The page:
Nature is not a thing. Remember, the word “nature” is defined as: The essence, essential qualities or attributes of a thing, which constitute it what it is…” Nature is not a substance, it is not a thing. The word “nature” is similar to the word “definition.” We can look at material things and define it. But where is the definition? Where would we find it? Take a look at your book again. Where would we find the definition of that book? Is it inside the book? Can you find it? Definition is simply describing the attributes of the book. The nature of the book is simply our observations about the general structure and nature of it. Nature is not an entity. Definition is not an entity. It’s a word we use to describe the essence of something.
To further understand this point, look at creation. Who created the sun, the air, wood, fire, heat, etc.? We know God did. Has man given anything to nature? No. However, we certainly can take an object and work to rearrange it and misuse what God has created, but man is not a creator.
Nothing has two natures. If something is misused or misapplied, this does not constitute a change in its nature. When Adam sinned, nothing changed in his nature. He was still of the same substance that God created. Adam’s nature did not change in body, soul, or spirit. If it did, God would have had to recreate him. The only thing that changed when Adam sinned was his relationship to God. And because of that sin, he and Eve were not allowed to stay in the garden where they could continue to eat from the tree of life which sustained their mortal bodies. That is why we grow old and die physically. Because of Adam’s sin, all his posterity is denied access to this tree of life as well. His nature did not change.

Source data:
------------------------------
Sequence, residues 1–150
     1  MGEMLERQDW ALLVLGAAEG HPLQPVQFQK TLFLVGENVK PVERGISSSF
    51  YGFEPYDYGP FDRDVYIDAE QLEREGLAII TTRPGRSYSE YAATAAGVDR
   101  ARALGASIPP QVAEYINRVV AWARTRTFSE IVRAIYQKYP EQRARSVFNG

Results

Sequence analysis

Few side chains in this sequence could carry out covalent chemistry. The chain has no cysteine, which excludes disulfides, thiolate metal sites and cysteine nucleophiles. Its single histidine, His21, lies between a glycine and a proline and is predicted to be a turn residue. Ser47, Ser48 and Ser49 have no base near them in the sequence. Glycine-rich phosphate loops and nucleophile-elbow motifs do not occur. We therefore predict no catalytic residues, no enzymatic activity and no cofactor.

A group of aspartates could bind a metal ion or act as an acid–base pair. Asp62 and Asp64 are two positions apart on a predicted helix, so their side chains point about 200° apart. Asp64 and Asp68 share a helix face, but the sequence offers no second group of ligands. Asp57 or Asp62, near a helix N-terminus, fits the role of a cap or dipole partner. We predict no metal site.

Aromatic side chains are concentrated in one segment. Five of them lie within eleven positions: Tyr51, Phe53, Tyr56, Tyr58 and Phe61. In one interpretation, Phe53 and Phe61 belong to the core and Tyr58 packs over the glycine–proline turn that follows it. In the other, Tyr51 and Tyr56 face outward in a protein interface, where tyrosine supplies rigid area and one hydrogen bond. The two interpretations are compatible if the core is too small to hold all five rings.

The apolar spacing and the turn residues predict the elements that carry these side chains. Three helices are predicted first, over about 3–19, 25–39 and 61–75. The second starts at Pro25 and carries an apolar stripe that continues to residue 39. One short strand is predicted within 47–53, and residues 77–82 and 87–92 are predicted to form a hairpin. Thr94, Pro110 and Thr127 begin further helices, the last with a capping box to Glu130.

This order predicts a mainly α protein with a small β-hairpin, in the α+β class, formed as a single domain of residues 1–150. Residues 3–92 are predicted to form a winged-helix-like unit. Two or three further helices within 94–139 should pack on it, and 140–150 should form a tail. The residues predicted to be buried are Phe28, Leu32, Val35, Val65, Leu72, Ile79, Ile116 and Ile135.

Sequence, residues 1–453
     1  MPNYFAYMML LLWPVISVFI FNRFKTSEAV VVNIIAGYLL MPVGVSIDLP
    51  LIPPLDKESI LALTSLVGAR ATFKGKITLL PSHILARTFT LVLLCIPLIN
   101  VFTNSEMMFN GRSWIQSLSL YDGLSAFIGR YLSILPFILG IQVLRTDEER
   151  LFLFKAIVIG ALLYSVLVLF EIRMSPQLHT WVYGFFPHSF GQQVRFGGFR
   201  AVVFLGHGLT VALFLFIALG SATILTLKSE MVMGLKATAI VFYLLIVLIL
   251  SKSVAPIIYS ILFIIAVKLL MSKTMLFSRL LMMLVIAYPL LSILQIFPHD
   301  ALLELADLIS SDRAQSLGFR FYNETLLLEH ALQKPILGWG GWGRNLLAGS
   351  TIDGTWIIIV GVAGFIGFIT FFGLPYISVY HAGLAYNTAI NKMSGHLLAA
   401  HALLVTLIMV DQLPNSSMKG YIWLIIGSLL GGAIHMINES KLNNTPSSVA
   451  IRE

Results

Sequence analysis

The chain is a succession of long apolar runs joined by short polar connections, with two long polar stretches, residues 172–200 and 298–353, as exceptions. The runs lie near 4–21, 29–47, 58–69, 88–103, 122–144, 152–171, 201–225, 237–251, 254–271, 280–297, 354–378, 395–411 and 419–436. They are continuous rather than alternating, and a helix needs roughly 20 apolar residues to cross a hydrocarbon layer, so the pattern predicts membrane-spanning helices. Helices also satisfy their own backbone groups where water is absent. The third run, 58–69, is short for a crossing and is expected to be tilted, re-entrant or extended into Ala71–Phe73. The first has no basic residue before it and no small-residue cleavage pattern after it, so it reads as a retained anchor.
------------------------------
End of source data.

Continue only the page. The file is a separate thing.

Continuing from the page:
Another question. How can a person feel responsible for something that does not spring from his choice but rather governs his choice? How can he feel responsible? How can you approach a homosexual and tell him he is suppose to stop living that lifestyle if it springs from his nature? How can we rebuke him and encourage him to repent? He would only be acting within his nature, which you tell him he has, a sinful nature! The fact is, there no such adjective before the word nature in the Bible. One may find it in the NIV, but the translators made an interpretation and not a translation of the word “Sarx,” which means “flesh,” as in meat, and nothing more. We have a body of flesh (Sarx) as animal have flesh. The term “sinful nature” or “old nature” is Augustine’s theology that has infected the whole world for centuries.
We must watch the terms we use. The battle that is fought over sin doesn’t involve an “old man” vs a “new man” or a battle between ” natures”. There is no carnal nature. There is no sinful nature. There is no Adamic nature. There is no old nature. There is no new nature. You will not find these terms in the Bible. The only place you will find these terms are in the fable teachings of Original Sin.
A little leaven leaveneth the whole lump. -Gal. 5:9
For further reading, see:
The Influence Of Greek Philosophy On The Development Of Christian Theology